Tuesday, September 15, 2009

Umai Sushi Kan

     A few months ago, I had to go on a series of business trips to Sendai, which is a mid-sized city a few hours north of Tokyo by bullet train. It seems like every town in Japan has its own famous food, and in Sendai the local specialty is cow tongue prepared in a million different ways: grilled, stewed, curried, in salad, on rice. Fortunately for me, the other local specialty is fish from the nearby Pacific. Our clients took us to lunch at the same tongue restaurant each time we visited them, and we always went to dinner at the same sushi shop, Umai Sushikan. It had a huge menu, but unlike many chain restaurants the fish was wonderful - fresh, creatively and carefully prepared, and cut into generous portions. Yuri and I went to their Ginza branch for lunch last Tuesday, and it was just as good as I remembered it being in Sendai.
    This is a tuna sample, which gives you a good idea of how much fish they give you. The little ball of rice underneath is only about half as big as the sashimi on top. From left to right, there's akami, or ordinary red-meat tuna, o-toro, or super fatty tuna, and chu-toro, or medium-fatty tuna. The more fat, obviously, the more buttery it tastes, but even akami is melt-in-your-mouth tender. There was really no comparison to the fish we had gotten at the supermarket the night before, as good as that was.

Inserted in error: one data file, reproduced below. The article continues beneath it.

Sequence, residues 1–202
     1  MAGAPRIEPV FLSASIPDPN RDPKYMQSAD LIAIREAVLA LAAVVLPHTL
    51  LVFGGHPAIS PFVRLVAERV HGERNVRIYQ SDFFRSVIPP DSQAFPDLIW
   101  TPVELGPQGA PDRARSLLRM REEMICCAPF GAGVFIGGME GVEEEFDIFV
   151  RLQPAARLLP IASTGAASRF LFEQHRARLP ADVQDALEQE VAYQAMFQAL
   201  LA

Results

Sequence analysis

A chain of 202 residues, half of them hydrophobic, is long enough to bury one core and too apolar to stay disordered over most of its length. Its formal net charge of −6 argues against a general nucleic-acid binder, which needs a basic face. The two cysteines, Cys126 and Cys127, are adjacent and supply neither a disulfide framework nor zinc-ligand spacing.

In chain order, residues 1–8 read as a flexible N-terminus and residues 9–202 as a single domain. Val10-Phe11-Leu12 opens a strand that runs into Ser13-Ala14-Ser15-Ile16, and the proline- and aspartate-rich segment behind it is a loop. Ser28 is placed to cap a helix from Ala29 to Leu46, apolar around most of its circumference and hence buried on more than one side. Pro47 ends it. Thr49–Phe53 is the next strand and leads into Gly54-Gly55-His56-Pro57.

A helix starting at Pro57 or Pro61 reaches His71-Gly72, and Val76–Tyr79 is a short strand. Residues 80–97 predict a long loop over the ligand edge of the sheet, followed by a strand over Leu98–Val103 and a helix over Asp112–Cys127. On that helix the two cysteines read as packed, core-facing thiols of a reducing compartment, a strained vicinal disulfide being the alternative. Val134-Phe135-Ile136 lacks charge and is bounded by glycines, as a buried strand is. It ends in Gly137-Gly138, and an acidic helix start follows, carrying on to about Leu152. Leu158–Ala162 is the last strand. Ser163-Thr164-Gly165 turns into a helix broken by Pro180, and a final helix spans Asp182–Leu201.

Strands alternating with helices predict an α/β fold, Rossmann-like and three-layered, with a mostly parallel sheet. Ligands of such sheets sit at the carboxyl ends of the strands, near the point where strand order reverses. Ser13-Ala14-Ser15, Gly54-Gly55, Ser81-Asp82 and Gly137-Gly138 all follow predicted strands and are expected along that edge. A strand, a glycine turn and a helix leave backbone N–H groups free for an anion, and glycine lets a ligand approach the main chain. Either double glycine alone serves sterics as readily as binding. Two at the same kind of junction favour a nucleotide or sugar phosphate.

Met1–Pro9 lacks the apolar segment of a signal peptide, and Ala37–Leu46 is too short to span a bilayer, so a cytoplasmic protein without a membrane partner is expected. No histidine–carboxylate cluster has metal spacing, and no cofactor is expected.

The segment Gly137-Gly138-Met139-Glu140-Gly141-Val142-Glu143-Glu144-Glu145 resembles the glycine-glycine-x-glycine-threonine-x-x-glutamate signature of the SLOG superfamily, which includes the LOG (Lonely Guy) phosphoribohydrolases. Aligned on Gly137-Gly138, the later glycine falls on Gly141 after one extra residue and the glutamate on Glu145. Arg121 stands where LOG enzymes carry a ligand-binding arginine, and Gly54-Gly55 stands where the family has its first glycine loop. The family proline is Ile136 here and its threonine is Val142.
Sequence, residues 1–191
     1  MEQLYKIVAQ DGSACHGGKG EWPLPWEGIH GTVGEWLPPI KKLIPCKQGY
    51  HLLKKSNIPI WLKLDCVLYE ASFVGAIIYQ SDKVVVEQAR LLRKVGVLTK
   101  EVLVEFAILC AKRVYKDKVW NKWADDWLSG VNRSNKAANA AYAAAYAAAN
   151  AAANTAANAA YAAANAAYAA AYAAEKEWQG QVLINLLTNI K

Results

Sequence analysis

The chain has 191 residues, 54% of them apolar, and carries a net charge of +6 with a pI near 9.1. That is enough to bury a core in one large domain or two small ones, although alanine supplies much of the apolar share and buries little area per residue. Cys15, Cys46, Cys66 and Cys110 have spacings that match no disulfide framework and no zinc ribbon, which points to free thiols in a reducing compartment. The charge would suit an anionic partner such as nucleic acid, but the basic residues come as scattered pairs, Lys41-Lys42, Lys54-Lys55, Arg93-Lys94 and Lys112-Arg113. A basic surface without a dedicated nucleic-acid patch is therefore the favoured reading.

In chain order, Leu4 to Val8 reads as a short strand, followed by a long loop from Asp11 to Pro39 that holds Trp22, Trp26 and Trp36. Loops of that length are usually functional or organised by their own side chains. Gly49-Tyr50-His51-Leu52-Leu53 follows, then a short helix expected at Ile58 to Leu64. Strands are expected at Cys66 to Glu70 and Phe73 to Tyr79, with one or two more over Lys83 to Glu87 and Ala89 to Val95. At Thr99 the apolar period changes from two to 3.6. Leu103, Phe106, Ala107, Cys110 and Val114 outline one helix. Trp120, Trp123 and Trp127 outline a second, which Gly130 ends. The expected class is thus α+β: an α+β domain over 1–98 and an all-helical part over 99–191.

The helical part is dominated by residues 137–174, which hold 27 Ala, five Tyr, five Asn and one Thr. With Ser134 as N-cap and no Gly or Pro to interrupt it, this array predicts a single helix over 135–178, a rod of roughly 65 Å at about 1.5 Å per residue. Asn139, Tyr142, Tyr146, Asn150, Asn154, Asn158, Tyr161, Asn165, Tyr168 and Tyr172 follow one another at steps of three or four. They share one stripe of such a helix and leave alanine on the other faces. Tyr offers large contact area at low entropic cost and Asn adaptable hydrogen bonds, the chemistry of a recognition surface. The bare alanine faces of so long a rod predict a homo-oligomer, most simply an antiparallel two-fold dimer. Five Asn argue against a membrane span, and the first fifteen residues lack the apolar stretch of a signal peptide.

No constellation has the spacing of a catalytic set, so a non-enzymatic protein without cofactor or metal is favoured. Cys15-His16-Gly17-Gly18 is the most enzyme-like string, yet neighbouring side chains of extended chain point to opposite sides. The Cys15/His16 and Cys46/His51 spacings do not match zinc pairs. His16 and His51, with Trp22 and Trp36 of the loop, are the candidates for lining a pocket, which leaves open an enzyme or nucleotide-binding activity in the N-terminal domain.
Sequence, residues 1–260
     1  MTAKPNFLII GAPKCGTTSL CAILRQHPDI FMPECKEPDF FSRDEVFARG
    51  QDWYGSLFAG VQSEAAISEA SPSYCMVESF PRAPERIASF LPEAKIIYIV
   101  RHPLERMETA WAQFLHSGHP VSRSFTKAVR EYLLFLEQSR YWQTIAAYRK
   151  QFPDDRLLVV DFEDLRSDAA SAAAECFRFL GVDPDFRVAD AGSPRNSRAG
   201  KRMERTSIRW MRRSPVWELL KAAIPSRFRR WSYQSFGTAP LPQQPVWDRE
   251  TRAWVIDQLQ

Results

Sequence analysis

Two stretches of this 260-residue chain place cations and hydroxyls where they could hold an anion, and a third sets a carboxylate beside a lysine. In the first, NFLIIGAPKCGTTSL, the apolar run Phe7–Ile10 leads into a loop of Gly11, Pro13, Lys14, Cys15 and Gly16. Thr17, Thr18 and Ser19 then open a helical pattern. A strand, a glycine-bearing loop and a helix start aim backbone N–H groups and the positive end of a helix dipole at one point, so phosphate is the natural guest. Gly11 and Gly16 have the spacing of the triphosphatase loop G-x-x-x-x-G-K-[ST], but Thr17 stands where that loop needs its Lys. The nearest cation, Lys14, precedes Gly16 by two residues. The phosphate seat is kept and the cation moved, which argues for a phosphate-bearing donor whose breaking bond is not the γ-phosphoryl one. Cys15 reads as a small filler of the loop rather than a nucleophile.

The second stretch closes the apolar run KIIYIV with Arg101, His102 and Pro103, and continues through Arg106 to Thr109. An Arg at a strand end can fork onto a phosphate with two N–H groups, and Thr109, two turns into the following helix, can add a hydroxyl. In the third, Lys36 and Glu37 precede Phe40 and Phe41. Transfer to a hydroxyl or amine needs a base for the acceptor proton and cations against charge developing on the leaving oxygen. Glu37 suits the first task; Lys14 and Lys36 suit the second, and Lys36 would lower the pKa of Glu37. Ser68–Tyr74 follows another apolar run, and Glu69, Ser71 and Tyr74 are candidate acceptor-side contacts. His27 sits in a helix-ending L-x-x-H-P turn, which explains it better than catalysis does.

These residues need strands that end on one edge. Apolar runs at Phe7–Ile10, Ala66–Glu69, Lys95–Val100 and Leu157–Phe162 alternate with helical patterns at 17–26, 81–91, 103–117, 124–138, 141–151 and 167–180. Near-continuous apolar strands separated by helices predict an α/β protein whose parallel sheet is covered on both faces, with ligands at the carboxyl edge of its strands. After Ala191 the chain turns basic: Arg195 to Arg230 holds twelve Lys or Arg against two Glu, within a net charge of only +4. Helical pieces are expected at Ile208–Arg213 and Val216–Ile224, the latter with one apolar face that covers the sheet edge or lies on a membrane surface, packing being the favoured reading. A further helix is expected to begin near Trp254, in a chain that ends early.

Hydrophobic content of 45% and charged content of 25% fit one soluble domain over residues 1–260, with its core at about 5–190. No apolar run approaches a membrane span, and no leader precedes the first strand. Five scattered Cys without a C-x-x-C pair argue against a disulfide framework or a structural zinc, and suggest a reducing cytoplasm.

The photo at the top of the post is salmon wrapped around salmon roe on rice. It's called oyako gunkan, or parent-and-child roll. This is something you don't see that often even in Japan, but it ought to be a classic - it's hard to top the combination of smooth, sweet salmon and the bursting-bubbles texture of the salty little eggs.
Here's an example of the sushi chef's creativity. The fish is kodama, a small blue-fleshed fish similar to sardines, with the same rich, briny flavor. Braiding it doesn't change the taste, but gives it flair and sets off the pretty leopard-spot pattern of its skin.

     Last, a delicious example of the native spicy tuna roll. No mayo or hot peppers, just tuna ground to a smooth pulp paired with crunchy green onions - a perfect contrast of colors, textures, and flavors.
     We ate many more pieces of sushi besides these. In Japanese sushi bars, the single pieces (nigiri-sushi) are more prevalent than rolls (maki-sushi), and the spicy tuna was the only roll we ordered. But it's easy to go overboard with nigiri - each fish is so different and so fabulous that I always try to taste them all. But fortunately, having already been to the Sendai branch twice before, I had narrowed it down to my favorites. The three tunas, the salmon-ikura combination, the best of the blue fish - mackerel, horse mackerel, kodama, sanma - and the seared fatty salmon, plus one spicy mentaiko (the tiny fish eggs sprinkled all over American sushi) for Yuri, and we were stuffed. So stuffed, in fact, that we didn't even bother to have dinner, just a shared berry parfait at an internet cafe and a couple of beers at karaoke later that night. 

No comments:

Post a Comment